Trinity Tower: Planning a 39 Story, 350 Unit Highrise

Trinity Tower: Planning a 39 Story, 350 Unit Highrise

Last year we discovered planning efforts for an apartment tower with the working name of “Trinity Place.”   The forlorn metal building on the corner of Trinity and Cesar Chavez was acquired by World Class Capital Group.

Since then, there hasn’t been a peep out of the site leaving many of us wondering what would happen there.  We’ve now discovered some proof-of-life based on public records filed by the engineering team.

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corner of Trinity @ Cesar Chavez

The name “Trinity Place” has been scrapped, it is now dubbed “99 Trinity Tower” and is being proposed as a mixed-use residential skyscraper seven stories taller than the neighboring Four Season Residences.

The applicant is proposing a 39-story tower with ~14,000 square feet of restaurant on the ground level.  Those are unchanged specs from last year.  Above that, the first 8 floors will be dedicated for parking, with the remaining floors being dedicated to about 350 residential units.

Even with the Lakeside Apartments to the south, the structured parking garage will allow clear lake views for most of the residential units above.

The project is proposing Great Streets standards along Trinity St., and to build a hike and bike trail to connect to the existing Lady Bird Lake Trail.

While we know what is being proposed, it still remains to be seen if it will come to fruition in the end.  The applicant is trying to nail down the base floor-to-area ratio (FAR) provided by the zoning, and navigate restrictions within the Waterfront Overlay “North Shore Central” district and will have to wait for the city, which could take some time if history serves as a guide.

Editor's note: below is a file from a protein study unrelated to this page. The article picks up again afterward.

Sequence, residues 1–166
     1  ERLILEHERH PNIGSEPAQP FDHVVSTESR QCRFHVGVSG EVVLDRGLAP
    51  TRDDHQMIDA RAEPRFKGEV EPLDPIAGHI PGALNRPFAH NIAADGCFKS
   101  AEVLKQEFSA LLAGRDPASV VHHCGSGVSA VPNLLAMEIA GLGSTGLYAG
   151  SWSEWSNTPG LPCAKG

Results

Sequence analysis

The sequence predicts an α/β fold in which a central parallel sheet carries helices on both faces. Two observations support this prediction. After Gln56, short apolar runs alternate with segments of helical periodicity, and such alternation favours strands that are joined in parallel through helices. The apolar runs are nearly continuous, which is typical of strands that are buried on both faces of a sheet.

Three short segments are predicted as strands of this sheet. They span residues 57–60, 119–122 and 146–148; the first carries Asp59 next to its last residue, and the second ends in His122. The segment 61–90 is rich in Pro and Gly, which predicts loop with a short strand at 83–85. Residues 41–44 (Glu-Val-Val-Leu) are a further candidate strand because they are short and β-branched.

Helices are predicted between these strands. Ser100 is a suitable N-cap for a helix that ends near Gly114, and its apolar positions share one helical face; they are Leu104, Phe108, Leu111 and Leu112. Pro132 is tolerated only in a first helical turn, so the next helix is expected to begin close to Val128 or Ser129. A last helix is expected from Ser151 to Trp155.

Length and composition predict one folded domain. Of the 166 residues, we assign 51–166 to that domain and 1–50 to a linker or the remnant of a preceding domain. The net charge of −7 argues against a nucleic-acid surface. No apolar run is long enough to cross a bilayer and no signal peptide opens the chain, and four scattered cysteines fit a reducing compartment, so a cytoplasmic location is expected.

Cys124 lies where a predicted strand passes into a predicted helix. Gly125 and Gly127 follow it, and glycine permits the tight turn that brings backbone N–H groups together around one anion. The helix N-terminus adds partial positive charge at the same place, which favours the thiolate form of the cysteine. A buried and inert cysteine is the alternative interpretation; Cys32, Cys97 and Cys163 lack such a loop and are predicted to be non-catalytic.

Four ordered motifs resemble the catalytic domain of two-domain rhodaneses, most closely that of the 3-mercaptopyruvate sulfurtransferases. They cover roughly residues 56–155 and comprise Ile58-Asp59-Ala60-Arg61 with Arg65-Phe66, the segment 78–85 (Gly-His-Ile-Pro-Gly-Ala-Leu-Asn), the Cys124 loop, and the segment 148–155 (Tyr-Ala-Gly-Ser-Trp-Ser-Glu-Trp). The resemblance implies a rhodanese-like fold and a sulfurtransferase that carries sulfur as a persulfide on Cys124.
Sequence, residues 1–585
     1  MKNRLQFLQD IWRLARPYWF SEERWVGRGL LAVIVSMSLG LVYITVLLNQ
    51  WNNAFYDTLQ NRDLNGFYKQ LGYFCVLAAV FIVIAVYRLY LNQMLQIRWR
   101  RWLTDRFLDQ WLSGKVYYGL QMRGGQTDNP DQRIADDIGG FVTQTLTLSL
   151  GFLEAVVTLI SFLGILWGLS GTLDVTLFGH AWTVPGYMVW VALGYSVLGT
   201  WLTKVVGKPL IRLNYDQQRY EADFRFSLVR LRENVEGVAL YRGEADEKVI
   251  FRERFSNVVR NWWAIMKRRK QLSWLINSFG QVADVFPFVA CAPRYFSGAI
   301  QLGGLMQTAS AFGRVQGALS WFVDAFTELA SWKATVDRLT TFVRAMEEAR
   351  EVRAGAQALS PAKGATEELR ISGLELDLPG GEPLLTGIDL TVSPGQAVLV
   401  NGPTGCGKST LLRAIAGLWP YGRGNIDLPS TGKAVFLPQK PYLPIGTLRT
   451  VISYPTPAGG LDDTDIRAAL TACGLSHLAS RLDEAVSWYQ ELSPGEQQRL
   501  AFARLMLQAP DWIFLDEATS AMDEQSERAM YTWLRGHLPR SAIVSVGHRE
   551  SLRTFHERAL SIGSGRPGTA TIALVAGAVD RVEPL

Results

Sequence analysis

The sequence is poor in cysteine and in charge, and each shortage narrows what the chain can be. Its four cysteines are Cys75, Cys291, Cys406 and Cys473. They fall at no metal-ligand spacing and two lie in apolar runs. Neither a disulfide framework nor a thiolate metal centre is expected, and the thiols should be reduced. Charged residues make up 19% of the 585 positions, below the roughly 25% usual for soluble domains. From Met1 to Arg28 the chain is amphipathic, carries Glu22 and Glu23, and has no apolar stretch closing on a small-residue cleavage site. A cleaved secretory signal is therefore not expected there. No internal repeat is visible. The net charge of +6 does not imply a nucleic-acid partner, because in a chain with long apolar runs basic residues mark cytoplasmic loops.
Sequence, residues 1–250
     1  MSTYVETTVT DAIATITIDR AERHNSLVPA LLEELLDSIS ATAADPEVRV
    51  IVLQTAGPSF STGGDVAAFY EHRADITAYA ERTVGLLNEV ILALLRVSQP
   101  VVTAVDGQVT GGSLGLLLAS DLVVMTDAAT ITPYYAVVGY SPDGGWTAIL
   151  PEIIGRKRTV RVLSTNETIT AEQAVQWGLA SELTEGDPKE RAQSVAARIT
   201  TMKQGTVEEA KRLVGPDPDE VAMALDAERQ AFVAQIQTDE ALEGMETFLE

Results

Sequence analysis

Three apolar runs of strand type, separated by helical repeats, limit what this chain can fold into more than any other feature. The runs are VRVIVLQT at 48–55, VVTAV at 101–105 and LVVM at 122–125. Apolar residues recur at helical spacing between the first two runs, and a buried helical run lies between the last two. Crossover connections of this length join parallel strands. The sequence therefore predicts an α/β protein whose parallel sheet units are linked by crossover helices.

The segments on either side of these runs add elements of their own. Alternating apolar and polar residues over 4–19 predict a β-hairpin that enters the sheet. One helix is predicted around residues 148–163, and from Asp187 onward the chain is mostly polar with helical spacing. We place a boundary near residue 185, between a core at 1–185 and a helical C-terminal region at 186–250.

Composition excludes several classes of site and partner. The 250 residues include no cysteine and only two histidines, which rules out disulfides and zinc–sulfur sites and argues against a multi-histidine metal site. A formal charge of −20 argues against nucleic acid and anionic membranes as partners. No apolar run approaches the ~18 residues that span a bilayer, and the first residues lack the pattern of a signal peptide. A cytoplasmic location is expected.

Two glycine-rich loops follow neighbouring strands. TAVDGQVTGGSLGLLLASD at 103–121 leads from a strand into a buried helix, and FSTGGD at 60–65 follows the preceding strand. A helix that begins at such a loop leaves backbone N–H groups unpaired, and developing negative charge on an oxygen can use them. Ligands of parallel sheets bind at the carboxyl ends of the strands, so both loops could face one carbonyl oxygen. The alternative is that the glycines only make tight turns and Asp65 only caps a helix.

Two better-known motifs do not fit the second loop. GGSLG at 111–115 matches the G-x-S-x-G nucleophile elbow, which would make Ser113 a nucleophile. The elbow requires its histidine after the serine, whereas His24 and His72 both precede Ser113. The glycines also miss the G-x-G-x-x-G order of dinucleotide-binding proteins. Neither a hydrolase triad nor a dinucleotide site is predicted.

The ball is rolling on this site.  The demolition permit was issued to scrape the dilapidated metal structure for whatever lands there.  We are excited to see more.

***Below, DAB has mocked up a building envelope showing [extremely crudely!] how a 39 story building could fit onto the site, and how it would add to downtown Austin skyline.

99trinity_massing_crude

a crude massing by DAB of how a 39 story building would fit on the 99 Trinity site

99trinity_massing_crude2

At 39 stories, the tower would be taller than the neighboring Four Seasons Residences

About Jude Galligan

Jude Galligan, REALTOR-Principal of REATX Realty and publisher of Downtown Austin Blog (aka. "DAB"), spends his time matching remarkable people with remarkable properties in Austin’s urban core. A resident owner in downtown Austin, Jude serves on the Board of the Downtown Austin Alliance (DAA) and the City of Austin Downtown Commission. Contact Jude.

Comments

  1. Yeah, all the units at Seaholm were ‘snapped up’, but my understanding is that the reservations were a $5,000 fully refundable deposit, that’s it.

    Since the deposits are fully refundable, it doesn’t really say that much about strength of the market or how serious the potential buyers are. Heck, I’m only 30% sure I’ll want to buy in two years, but I wish I would’ve got in for a $5k deposit; fully refundable, so no risk!

  2. Did the units at Seaholm get snapped up already? What percentage?

  3. I’d like to see World Class Capital Group create a joint development deal with HACA and replace Lakeside with 2 affordable towers. Perhaps they’d be able to access some of the newly available housing bond money. Three towers going up at the same time would surely create cost savings and some cool design/function opportunities.

  4. Dan, I’d expect residential developers to continue to provide this level of parking until we get a serious rail system downtown. Nobody, and I mean nobody, in the developer community is remotely impressed by buses, be they local or ‘rapid’ [sic].

    • And after. People who can afford $500/sf can afford a car and a parking space. My question is whether the old requirements were higher than the market would provide.

  5. How much parking would they have been required under old minimum parking requirements?

  6. Any word on whether it’ll be rental or condo? Judging by the fact that the units at Seaholm were snapped up in barely a month, I would think that the pendulum is tilting back towards ownership, at least if the price point is within reason (under $500 psf).

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